Did you know there's a controversy about how children should learn basic math facts? Some say kids should learn addition and multiplication tables through repetitive drill. Others feel they will absorb this information by osmosis as they solve problems. And still others think the answer lies somewhere betwixt these two.Here's the part everyone agrees on: all kids need to (eventually) learn basic addition and multiplication facts.Here's what folks disagree about: WHEN and HOW and TO WHAT EXTENT this should happen.Math wars rage between progressives who favor "discovery learning" and  "arithmetical fundamentalists" (don't you love that!) who see a good bit of value in repetition and, yes, drill. Stanford math education professor Jo Boaler, author of a paper called "Fluency without Fear," argues for a deemphasis on memorization and drill:While research shows that knowledge of math facts is important, Boaler said the best way for students to know math facts is by using them regularly and developing understanding of numerical relations. Memorization, speed and test pressure can be damaging, she added. (Learn Math Without Fear)Others disagree with this idea.One critic of the [Canadian] government’s adoption of “discovery-based learning,” Ken Porteous, a retired engineering professor, put it bluntly: “There is nothing to discover. The tried and true methods of addition, subtraction, multiplication and division work just fine as they have for centuries. There is no benefit and in fact a huge downside to students being asked to discover other methods of performing these operations and picking the one which they like. This just leads to confusion which ultimately translates into frustration, a strong dislike for mathematics and a desire to drop out of any form of mathematics course at the earliest opportunity.”  (Math Wars)Which philosophy do I subscribe to? Both, actually. Of course I want my children to "develop understanding of numerical relations," and thus my young children spent a good bit of time in math play. Messing around with Cuisinaire rods, for example, helps develop a sense that 5+3=8 without hardly thinking about it. They just knew that a yellow rod and a light green one are the same length as a brown rod. And playing math games with preschoolers and primary aged children also goes a long way towards painless acquisition of math facts.BUT - drill with triangle flashcards, wrap-ups, and Calculadder sheets, and even computer games was also an essential part of each one of my children's early math education.Because no matter which approach you (or your child's school) takes, the reality is that by about fourth grade, children who don't have their facts mastered start falling behind. Counting on fingers may be just fine for first graders, but by the time kids are doing long-division, that won't cut it. And no, calculators aren't the answer. Kids need enough proficiency with arithmetic to determine if their calculators answers are even in the ballpark.  (And did you know that calculators are banned from certain sections of college admission tests and even from a number of college math courses including many calc classes?)Some kids absorb math facts very readily and need little drill. For others, learning the addition and multiplication tables is painful! I've had children who feel into both categories. Recently I've had questions from a couple of moms about what to do when a child struggles more than h[...]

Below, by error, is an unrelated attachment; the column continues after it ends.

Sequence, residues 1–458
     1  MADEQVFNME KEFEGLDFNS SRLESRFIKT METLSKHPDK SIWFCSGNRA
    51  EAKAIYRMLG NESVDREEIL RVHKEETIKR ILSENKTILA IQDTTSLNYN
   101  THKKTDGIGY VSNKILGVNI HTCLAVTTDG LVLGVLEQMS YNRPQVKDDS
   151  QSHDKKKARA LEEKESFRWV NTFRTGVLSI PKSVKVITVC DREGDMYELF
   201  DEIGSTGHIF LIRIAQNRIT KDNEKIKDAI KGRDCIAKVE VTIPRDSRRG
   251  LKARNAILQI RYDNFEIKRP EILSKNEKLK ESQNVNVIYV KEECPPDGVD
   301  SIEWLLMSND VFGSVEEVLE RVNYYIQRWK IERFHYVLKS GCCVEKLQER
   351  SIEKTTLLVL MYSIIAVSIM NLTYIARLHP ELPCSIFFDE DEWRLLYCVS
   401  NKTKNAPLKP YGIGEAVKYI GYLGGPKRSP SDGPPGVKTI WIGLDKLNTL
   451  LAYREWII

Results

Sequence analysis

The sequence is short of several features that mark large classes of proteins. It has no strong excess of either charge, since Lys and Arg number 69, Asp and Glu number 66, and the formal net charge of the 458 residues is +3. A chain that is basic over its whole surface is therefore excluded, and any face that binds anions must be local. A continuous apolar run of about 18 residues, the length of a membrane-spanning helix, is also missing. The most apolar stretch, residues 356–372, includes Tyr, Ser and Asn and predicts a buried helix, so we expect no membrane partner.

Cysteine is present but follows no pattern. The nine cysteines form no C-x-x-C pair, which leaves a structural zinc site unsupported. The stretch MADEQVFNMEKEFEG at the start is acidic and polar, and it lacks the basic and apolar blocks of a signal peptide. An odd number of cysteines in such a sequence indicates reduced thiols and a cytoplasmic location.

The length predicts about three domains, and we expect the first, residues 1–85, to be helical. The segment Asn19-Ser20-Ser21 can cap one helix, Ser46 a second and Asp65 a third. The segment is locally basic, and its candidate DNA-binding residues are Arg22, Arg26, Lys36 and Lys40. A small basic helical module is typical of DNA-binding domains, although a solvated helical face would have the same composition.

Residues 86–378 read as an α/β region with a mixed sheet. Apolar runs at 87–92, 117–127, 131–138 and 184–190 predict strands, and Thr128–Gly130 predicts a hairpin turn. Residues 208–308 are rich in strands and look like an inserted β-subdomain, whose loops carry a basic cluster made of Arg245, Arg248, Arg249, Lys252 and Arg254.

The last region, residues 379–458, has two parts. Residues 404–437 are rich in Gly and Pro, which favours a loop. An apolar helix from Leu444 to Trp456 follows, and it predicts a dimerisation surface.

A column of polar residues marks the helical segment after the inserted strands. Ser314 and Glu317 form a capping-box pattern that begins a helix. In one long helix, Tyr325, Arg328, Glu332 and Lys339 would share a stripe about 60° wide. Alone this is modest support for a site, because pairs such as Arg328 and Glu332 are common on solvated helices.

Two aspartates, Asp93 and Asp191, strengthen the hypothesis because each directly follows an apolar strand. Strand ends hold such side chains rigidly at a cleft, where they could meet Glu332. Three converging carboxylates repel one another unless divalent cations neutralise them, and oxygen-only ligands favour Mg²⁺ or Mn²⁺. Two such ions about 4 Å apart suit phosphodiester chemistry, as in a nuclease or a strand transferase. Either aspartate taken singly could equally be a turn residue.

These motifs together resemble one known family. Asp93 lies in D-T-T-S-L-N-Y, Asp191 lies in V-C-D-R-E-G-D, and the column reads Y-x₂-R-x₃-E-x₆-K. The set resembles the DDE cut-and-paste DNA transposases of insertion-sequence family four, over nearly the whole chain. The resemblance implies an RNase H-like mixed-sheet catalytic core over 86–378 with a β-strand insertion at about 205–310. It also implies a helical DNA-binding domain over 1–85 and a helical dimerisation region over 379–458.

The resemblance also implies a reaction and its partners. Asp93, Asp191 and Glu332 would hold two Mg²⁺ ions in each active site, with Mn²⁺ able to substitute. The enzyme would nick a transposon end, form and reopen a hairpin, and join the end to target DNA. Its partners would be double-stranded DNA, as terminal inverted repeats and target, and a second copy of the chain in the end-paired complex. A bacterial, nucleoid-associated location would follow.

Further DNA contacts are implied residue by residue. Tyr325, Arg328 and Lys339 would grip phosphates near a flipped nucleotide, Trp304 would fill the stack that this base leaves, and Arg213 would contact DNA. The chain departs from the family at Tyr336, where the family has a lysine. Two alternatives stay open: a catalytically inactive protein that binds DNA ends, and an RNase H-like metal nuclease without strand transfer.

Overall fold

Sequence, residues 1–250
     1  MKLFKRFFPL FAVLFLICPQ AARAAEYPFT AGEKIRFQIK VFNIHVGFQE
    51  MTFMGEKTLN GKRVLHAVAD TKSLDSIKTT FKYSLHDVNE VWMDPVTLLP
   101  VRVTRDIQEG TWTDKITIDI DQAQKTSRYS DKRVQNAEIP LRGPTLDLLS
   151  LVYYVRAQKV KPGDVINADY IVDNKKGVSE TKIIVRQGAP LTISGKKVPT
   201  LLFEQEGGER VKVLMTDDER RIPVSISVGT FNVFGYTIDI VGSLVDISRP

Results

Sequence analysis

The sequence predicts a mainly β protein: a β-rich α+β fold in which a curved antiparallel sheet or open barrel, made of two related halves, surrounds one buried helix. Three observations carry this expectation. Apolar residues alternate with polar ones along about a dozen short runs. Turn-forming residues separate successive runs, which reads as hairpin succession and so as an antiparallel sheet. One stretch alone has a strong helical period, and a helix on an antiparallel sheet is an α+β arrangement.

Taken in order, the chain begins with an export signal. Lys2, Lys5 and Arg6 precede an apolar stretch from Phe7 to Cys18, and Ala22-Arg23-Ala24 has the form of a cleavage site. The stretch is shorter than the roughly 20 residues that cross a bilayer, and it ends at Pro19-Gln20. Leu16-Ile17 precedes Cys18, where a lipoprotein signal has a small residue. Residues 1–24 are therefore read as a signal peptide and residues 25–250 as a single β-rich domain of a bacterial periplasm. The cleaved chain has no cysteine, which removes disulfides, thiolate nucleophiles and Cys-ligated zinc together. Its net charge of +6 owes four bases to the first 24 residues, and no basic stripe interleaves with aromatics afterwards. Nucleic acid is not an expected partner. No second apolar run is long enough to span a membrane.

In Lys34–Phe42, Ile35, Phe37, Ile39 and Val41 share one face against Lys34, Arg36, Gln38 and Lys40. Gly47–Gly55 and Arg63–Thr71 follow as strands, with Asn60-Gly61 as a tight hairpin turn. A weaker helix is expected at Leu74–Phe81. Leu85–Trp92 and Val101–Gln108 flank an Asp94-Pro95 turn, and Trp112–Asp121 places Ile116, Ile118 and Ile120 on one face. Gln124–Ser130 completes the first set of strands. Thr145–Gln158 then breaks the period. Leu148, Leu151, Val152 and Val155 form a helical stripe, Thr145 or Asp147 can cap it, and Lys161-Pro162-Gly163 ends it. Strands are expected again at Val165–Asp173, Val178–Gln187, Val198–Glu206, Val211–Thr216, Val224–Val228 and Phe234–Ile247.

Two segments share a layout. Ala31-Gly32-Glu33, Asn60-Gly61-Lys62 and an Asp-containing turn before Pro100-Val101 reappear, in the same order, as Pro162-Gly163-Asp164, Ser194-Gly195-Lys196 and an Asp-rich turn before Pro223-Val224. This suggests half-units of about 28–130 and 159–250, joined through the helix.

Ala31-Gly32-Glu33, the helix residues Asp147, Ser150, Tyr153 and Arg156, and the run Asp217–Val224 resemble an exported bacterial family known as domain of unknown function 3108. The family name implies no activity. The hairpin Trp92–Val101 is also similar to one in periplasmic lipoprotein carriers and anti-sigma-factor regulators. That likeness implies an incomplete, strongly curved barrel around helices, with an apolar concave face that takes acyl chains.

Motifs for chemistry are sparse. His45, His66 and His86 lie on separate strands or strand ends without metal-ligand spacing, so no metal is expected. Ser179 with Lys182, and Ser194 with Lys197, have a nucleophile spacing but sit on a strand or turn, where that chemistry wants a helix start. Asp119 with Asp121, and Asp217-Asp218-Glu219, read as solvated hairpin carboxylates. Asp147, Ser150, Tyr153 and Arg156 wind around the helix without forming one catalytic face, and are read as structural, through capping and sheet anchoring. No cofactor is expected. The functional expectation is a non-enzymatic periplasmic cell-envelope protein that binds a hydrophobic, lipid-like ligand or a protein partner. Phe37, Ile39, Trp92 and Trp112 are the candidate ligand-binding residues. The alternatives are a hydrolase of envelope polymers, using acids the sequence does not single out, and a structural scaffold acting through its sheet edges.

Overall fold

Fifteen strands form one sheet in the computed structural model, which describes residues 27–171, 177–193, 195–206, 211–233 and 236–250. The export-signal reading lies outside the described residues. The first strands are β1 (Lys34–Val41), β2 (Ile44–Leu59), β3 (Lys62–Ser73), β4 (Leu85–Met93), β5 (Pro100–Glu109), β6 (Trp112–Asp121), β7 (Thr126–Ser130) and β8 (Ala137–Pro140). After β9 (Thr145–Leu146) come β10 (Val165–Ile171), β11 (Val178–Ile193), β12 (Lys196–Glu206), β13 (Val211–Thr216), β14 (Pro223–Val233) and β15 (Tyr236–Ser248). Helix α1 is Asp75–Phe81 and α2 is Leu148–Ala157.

Job's Tears - longest WIP ever